Philosophy of Supermind and Contemporary Crisis - Preface



This souvenir is being brought out by the Indian Council of Philosophical Research on the occasion of a Roundtable on “The Philosophy of Sri Aurobindo” being held on the 15th of August 2003 (131st Birth Anniversary of Sri Aurobindo) during the XXIst World Congress of Philosophy at Istanbul, Turkey.

Sri Aurobindo’s magnum opus, The Life Divine, is considered to be one of the greatest philosophical works of the twentieth century. The philosophy contained in this book is not speculative, although its exposition is strictly philosophical in character. This philosophy is founded on Sri Aurobindo’s direct spiritual experiences and realisations of the Ultimate Reality and its creative power, which Sri Aurobindo has termed as supermind. Sri Aurobindo has expounded in great detail the psychological processes by means of which ascent to the supermind can be effected. He has also expounded the process by which the supermind can be brought down on the earth. These expositions are to be found in Sri Aurobindo’s great work entitled The Synthesis of Yoga.

According to Sri Aurobindo, the world of Matter, as we see and experience it, is evolutionary in character, and the evolution of life in Matter and of Mind in life, can only be explained on the ground that mind and life are already involved in Matter. Sri Aurobindo raises the question whether mind is the final term of the evolution, and in the light of the spiritual theory of evolution which he has developed and presented in great detail in The Life



Divine, he concludes that higher levels of consciousness, which are involved in Mind, and in Matter, are striving to evolve, and they will eventually evolve. Sri Aurobindo’s life was devoted entirely as a field of laboratory in which this evolution could be worked out. In this task, Madame Mirra Alfassa (1878-1973), who is known in India and the world as The Mother, came from France to India and collaborated in developing the integral yoga of Sri Aurobindo. Mother’s own experiences and realisations leading up to the supramental transformation and manifestation on the earth are to be found in 13 volumes of L’Agenda de Mere.

According to Sri Aurobindo and The Mother, the world is undergoing at present an evolutionary crisis, and the problems that the world is facing today can be resolved successfully by the aid of the supramental manifestation. In a sense, therefore, Sri Aurobindo’s philosophy is centrally directed to the understanding of the contemporary problems of the world and to the formulation of their solutions. Sri Aurobindo wrote two books, The Human Cycle and The Ideal of Human Unity, which deal with the problems of human civilisation, historical processes through which humankind has arrived at the present critical juncture of its civilisational journey, and the possible lines on which it can survive and arrive at the realisation of its age-long aspiration for the world unity and lasting peace.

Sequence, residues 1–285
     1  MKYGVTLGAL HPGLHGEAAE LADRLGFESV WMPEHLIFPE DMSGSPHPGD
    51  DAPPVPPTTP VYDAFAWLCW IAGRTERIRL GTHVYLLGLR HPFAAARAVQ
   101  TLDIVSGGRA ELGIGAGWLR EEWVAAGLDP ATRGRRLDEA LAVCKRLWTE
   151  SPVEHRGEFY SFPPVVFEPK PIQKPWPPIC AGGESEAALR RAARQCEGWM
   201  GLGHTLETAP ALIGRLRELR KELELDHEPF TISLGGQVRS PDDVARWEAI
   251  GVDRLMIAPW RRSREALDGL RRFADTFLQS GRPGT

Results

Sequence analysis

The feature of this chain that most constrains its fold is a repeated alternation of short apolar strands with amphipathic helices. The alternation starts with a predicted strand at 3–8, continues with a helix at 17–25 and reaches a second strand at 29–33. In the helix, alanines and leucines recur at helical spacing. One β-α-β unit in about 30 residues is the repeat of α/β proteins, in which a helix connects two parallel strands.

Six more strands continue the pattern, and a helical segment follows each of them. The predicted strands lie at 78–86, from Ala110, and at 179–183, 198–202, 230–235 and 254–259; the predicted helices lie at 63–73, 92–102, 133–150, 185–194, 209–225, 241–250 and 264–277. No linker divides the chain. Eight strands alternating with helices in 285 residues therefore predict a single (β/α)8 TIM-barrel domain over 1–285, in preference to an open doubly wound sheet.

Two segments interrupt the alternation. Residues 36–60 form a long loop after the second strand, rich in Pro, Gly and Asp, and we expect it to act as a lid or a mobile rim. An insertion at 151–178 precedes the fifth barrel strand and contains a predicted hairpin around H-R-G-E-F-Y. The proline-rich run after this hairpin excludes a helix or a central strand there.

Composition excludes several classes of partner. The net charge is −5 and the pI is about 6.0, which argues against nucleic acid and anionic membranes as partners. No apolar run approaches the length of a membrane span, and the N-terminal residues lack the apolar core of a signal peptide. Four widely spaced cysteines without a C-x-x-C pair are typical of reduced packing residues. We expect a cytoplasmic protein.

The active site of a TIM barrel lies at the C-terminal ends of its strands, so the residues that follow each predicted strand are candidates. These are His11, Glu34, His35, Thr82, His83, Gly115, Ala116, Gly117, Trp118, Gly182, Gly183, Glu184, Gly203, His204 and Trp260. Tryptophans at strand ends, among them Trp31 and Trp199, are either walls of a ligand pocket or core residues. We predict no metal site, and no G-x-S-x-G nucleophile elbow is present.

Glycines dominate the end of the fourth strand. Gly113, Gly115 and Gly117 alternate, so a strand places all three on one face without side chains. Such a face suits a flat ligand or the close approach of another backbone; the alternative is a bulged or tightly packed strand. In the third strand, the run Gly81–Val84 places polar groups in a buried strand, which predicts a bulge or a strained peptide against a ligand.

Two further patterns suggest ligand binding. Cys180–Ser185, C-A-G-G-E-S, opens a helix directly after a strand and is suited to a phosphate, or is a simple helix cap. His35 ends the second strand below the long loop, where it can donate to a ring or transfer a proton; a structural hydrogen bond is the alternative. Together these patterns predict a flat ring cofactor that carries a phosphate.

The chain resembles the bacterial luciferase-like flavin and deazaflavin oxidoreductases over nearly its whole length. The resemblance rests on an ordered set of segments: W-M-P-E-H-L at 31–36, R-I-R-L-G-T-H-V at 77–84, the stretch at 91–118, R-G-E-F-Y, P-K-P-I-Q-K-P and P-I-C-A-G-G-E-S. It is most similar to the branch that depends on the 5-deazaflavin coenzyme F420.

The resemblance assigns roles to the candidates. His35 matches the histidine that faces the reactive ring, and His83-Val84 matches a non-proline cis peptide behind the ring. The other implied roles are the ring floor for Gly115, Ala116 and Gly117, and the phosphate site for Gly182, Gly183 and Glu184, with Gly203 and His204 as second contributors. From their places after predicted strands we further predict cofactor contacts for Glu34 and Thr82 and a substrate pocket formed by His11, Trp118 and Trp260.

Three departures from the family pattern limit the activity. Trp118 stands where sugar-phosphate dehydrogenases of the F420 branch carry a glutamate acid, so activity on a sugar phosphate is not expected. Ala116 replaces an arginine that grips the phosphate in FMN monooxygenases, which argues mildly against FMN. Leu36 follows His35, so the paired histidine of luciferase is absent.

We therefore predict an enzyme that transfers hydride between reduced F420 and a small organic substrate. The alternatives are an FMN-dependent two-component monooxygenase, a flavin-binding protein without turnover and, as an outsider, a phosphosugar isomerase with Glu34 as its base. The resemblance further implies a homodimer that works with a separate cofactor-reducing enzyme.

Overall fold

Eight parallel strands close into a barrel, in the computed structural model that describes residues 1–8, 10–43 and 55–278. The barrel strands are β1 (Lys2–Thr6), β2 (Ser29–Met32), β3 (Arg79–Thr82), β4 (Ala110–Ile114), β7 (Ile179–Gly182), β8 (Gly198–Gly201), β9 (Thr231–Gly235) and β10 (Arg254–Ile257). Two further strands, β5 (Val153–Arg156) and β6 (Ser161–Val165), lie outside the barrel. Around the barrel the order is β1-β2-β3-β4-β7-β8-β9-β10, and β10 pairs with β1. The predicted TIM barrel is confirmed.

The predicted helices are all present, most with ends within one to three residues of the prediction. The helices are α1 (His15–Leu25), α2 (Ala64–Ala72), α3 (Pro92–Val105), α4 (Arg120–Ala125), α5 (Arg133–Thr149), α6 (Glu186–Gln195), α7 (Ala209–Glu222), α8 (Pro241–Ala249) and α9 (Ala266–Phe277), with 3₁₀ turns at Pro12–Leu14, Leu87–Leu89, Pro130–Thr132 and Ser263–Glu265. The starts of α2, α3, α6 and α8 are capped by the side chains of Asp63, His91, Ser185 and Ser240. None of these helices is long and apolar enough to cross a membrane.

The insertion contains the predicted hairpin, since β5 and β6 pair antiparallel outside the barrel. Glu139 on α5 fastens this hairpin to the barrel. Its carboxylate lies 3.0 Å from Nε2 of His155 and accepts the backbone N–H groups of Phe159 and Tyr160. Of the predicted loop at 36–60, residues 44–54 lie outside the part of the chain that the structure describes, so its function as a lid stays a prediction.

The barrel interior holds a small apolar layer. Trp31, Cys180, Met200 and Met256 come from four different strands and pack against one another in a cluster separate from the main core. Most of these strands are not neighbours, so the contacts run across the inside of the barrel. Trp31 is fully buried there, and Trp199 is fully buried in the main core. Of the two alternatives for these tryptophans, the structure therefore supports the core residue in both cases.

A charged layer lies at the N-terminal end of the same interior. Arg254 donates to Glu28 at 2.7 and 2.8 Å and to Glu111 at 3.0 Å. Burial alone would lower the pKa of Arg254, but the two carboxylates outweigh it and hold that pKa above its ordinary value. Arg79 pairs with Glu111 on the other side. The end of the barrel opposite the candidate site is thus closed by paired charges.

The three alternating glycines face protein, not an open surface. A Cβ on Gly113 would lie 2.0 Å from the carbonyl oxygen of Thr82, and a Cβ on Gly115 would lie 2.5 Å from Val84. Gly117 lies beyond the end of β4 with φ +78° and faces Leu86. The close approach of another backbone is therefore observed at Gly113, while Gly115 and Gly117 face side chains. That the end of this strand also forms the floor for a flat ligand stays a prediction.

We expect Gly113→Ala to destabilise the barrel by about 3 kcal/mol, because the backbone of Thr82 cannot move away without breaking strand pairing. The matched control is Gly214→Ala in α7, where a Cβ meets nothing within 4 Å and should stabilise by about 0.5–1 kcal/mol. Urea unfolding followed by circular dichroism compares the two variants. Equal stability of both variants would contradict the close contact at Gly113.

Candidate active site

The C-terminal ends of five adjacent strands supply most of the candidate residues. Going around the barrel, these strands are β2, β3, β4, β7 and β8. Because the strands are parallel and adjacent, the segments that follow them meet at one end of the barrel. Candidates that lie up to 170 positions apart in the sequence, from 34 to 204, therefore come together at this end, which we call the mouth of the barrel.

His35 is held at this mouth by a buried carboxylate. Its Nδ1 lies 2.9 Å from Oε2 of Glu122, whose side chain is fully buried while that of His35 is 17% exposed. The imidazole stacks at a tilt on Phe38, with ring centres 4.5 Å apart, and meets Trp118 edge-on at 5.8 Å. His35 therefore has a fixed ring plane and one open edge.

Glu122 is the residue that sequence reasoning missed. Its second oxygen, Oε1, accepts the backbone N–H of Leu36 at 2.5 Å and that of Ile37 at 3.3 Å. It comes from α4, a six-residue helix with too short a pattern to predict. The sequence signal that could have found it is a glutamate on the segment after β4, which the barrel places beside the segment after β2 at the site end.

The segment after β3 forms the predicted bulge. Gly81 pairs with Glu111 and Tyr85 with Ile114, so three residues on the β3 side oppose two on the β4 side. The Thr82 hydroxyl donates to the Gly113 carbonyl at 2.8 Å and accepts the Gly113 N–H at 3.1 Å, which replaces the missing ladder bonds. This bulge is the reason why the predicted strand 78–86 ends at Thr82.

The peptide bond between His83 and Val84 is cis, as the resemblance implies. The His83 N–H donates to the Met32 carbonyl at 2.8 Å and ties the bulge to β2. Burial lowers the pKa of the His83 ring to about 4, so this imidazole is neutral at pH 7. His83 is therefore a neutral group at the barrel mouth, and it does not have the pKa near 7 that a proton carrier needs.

Since the World Congress of Philosophy at Istanbul has chosen for its theme Philosophy Facing World Problems, it appears most appropriate that the Indian Council of Philosophical Research should have organised a Roundtable on the Philosophy of Sri Aurobindo, since that philosophy has a direct message for the solution of the contemporary world problems.

Sri Aurobindo was a supreme poet, and his most famous poetical work, Savitri, presents a new kind of poetry, which has been termed as overhead poetry. This is an epic, the longest in English literature (about 24000 lines), a prophetic vision of the future. Sri Aurobindo has written a number of other short and



long poems, among which Ilion (extending over 100 pages) is an innovative experimentation in an epic in quantitative hexameters in the history of English literature. Sri Aurobindo has also written five dramas, The Perseus the Deliverer, Rodogune, Viziers of Bassora, Vasavdutta and Eric. He has also translated two plays of Kalidasa from the original Sanskrit into English.

Sri Aurobindo was also in the early part of his life a prominent nationalist leader, and he has rightly been called the Prophet of Indian Nationalism. Sri Aurobind had deeply studied and loved India. He had made original research in the Veda, Upanishads and the Gita, three greatest records of knowledge which have served as the foundations of Indian culture. Apart from his profound knowledge of Sanskrit, he had mastery over Greek and Latin, and he had made a thorough study of Western history. He has, therefore, been rightly regarded as a great synthesiser of the East and the West, and his message for human unity is of direct relevance to the contemporary effort that is now sweeping all over the world to bridge the past, present and the future and to bridge the minds and hearts of the people of the entire globe.

In this Souvenir, it is not possible, nor is it relevant, to introduce the totality of the works of Sri Aurobindo. What has been attempted here is to present from the writings of Sri Aurobindo those important passages, which are relevant to the central aspects of the philosophy of Sri Aurobindo and his Yoga as also to his studies in human civilisation, its contemporary crisis and its solution.

We are grateful to Professor Kireet Joshi, Chairman, Indian Council of Philosophical Research, for editing this Volume and providing a meaningful Introduction, which presents a bird’s eye view of the subjects covered in this compilation. We are also grateful to Mr. Ashoke Sen Gupta for his editorial assistance.



It is hoped that this Souvenir will serve the purpose of elucidating in some detail the topics which are proposed to be covered at the Roundtable on “The Philosophy of Sri Aurobindo”.

Indian Council of Philosophical Research
New Delhi

Mercy Helen
Director (P&R)


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